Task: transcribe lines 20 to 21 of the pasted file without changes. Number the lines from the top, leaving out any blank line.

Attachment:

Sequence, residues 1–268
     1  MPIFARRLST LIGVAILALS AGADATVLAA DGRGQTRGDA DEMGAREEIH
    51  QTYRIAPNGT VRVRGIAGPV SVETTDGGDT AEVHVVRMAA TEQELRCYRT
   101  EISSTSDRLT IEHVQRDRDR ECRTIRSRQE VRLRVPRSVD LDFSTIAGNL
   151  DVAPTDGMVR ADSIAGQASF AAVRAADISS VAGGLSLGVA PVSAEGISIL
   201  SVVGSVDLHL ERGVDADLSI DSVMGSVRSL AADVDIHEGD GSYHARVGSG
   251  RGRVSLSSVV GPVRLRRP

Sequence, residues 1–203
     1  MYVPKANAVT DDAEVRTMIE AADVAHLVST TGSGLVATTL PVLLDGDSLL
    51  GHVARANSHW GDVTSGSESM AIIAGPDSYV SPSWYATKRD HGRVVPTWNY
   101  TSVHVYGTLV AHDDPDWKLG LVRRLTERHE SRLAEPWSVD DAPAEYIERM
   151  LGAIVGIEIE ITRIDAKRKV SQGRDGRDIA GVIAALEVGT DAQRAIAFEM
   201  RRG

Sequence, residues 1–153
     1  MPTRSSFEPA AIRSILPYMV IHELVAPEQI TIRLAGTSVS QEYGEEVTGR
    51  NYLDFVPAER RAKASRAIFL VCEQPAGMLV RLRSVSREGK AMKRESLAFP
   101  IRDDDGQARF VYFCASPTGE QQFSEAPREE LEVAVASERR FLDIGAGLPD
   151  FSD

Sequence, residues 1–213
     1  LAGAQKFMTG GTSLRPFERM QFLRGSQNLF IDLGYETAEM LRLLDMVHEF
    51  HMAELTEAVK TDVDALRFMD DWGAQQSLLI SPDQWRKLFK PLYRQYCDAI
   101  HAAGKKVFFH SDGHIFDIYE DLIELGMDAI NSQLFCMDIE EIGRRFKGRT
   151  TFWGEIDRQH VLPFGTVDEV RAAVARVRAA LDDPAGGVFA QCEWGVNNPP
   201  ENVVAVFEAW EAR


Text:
     1  LAGAQKFMTG GTSLRPFERM QFLRGSQNLF IDLGYETAEM LRLLDMVHEF
    51  HMAELTEAVK TDVDALRFMD DWGAQQSLLI SPDQWRKLFK PLYRQYCDAI